The Esch. coli harboured in the gut constitute a reservoir of potential pathogens in the infant and child. The conditions required for these intestinal inhabitants to cause infection are not well understood. The presence of virulence factors such as capsular antigens, especially K1, may be of significance for the ability of Esch. coli to cause neonatal meningitis. The capacity of certain Esch. coli to attach to epithelial cells of mucous membranes may be important for their infective powers in the urinary as well as the intestinal tract. Furthermore, the ability of certain Esch. coli to produce enterotoxins similar to that of V. cholerae is of importance for their capacity to provoke diarrhoea. The importance of the immune defence mechanisms for prevention of these Esch. coli infections is suggested, especially in the form of local immunity provided by secretory IgA antibodies. Such antibodies directed against Esch. coli O and K antigens as well as enterotoxins are present in large amounts in human milk and may be of considerable importance for protection against Esch. coli in the breast-fed baby. Breast feeding may be of special significance until the baby has built up its own local immune defence preventing the micro-organisms from attaching to and invading the intestinal mucous membranes. SIgA antibodies in urine may have a similar protective effect against urinary tract infections. The variable pictures of Esch. coli infections in childhood are striking, ranging from severe sepsis/meningitis or diarrhoea to "asymptomatic" bacteriuria. This variability is obviously closely connected with the presence of various virulence factors and the function of different components of the immune defence.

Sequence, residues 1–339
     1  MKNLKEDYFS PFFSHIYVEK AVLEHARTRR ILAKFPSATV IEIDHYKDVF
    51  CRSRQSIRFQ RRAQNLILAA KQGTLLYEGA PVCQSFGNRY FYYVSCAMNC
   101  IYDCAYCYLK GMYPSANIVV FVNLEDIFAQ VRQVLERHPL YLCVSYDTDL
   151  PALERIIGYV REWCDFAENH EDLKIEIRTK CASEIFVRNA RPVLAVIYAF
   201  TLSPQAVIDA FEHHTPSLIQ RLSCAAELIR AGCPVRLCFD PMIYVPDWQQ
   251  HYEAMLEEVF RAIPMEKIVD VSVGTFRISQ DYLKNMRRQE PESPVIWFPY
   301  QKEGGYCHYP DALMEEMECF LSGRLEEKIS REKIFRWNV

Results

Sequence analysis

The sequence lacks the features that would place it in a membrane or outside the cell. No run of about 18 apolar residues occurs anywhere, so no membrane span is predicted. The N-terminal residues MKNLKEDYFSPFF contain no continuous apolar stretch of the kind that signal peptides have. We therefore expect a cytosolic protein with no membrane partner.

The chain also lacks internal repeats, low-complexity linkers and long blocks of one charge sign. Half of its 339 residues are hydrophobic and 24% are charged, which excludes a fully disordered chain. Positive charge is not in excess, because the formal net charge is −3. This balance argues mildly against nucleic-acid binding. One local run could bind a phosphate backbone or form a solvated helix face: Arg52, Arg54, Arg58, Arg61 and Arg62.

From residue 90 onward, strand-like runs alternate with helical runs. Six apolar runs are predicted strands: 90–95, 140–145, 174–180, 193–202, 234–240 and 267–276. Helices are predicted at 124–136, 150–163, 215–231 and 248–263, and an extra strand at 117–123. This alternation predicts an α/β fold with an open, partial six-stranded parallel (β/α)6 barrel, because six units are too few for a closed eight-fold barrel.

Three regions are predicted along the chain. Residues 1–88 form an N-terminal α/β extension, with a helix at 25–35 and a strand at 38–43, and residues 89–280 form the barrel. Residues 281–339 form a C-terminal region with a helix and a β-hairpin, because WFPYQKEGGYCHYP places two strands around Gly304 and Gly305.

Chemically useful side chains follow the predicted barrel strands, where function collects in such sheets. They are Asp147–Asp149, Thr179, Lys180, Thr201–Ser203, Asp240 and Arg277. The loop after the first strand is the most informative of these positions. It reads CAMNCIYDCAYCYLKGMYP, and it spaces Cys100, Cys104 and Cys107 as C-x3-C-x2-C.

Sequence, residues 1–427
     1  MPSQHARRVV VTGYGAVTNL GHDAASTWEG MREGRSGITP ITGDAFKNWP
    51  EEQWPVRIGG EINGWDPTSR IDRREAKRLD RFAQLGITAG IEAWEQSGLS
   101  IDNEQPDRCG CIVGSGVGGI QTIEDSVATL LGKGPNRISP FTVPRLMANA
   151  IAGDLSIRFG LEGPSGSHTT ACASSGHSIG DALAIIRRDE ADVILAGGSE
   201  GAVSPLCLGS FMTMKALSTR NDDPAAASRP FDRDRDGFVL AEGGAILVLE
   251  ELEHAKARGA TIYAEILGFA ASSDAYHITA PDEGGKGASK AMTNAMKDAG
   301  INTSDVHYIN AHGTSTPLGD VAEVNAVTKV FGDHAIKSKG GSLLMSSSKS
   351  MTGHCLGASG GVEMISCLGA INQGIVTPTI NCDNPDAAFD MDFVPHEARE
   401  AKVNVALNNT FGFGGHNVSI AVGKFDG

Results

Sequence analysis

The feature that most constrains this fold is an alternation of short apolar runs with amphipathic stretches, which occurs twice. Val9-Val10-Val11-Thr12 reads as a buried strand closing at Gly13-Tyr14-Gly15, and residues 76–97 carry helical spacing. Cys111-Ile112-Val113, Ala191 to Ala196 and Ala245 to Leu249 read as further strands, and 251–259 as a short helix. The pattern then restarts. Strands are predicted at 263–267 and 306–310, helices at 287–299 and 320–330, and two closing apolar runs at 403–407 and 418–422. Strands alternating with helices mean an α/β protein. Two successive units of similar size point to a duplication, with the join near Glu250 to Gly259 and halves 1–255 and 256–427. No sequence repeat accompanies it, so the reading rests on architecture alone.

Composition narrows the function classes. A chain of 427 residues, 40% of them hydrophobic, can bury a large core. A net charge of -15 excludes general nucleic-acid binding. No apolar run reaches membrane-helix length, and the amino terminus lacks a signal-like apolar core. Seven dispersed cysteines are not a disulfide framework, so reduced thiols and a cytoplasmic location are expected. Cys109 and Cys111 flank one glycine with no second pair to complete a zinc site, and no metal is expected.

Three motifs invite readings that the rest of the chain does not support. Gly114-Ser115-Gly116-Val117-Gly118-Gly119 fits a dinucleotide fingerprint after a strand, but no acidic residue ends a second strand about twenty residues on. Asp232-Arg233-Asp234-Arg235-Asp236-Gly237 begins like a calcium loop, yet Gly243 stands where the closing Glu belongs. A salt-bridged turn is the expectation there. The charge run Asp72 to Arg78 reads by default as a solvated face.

Statistics from Altmetric.com
If you wish to reuse any or all of this article please use the link below which will take you to the Copyright Clearance Center’s RightsLink service. You will be able to get a quick price and instant permission to reuse the content in many different ways.